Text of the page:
The prevalence of asthma was significantly greater in athletes (10.0%) compared with that in the general population (6.9%) (Table 1). Otherwise, there was a tendency for the use of asthma medication and reports of wheezing during exercise to be more common among athletes. In contrast, reports of wheezing at rest were less common among the athletes.

Table 1:
The prevalence of self-reports of current asthma, use of asthma medication, and wheezing in Norwegian top athletes (N = 1082) and the general population (N = 1038).

Table 2 lists the reported prevalence of current asthma and wheezing in relation to type of sport and exercise level in Norwegian elite athletes. The prevalence of asthma was higher among female (12.6%) than male athletes (7.9%), cOR = 1.7 (1.1–2.5). Female athletes (20.1%) also reported more wheezing during exercise than did male athletes (15.8%), cOR = 1.3 (1.0–1.8). The prevalence of asthma was highest for strength and endurance sports. The prevalence of reports of wheezing during exercise was also highest for strength and endurance sports, whereas for reports of wheezing at rest the prevalence was highest among athletes in esthetics and weight class sports. Reports of asthma increased with increasing number of training hours per week. Furthermore, a larger proportion of female (10.5%) than male (8.4%) athletes used asthma medication (not in table). Use of asthma medication was also more common among athletes in strength (14.3%) and endurance sports (14.1%) compared with those in technical sports (2.7%).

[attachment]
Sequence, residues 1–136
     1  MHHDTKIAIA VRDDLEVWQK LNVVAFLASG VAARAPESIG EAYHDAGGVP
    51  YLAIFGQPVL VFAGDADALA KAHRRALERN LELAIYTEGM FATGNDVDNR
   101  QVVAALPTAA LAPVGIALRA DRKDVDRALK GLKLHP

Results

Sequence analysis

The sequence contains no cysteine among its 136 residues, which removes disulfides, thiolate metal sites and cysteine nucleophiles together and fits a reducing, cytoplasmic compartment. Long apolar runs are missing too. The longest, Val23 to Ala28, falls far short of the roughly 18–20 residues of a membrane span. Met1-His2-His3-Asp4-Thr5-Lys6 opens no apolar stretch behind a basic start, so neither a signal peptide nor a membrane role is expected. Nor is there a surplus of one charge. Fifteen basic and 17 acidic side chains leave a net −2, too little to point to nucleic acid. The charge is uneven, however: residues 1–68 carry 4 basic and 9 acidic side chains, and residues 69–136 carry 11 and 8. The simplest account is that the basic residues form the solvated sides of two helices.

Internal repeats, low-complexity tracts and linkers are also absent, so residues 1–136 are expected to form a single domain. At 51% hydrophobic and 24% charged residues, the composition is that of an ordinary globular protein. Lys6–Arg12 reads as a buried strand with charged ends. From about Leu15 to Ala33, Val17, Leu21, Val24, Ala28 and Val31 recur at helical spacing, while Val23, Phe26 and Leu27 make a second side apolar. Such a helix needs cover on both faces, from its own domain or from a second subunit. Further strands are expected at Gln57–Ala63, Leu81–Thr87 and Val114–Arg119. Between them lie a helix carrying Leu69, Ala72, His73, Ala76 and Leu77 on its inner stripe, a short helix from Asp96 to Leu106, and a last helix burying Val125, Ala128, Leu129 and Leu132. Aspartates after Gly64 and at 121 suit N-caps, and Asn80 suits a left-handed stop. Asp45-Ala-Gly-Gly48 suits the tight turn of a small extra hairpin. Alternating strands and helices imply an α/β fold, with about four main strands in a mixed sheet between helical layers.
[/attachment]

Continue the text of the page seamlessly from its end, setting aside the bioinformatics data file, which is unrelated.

Table 2:
Self-reports of current asthma and wheezing in relation to sex and training characteristics Norwegian elite athletes (N = 1082).

In the general population there were no sex differences for self-reports of current asthma; the prevalences were 6.6% in males and 7.3% in females (not in table). The prevalence of wheezing during exercise tended to be lower among females (14.1%) than among males (18.0%), cOR = 0.7 (0.5–1.0), whereas the prevalence of wheezing at rest was similar for males (9.7%) and females (8.9%). Seventy percent (750/1038) of the general population reported participation in regular physical activity. The majority, about 90%, of those who exercised, exercised 5 h or less per week.

After adjusting for age, height, and weight, the risk of asthma remained greater among athletes than in the general population (Table 3, Model I). In contrast, athletes tended to report fewer symptoms at rest (aOR 0.7 (0.5–1.0)). Next, analyses classifying the elite athletes according to the type of sports they engaged in and comparing them with the general population revealed that the highest risk for asthma was among athletes participating in sports requiring strength (aOR = 3.5 (1.6–7.6)) and endurance (aOR = 2.2 (1.4–3.5)) (Table 3, Model II). There was no consistent association between reports of wheezing either during exercise or at rest and any types of sports.

Table 3:
Adjusted odds ratio (aOR) for the association between self-reports of current asthma and wheezing and being an elite athlete (Model I) and specific types of sports (Model II) using males and the general population as the reference category.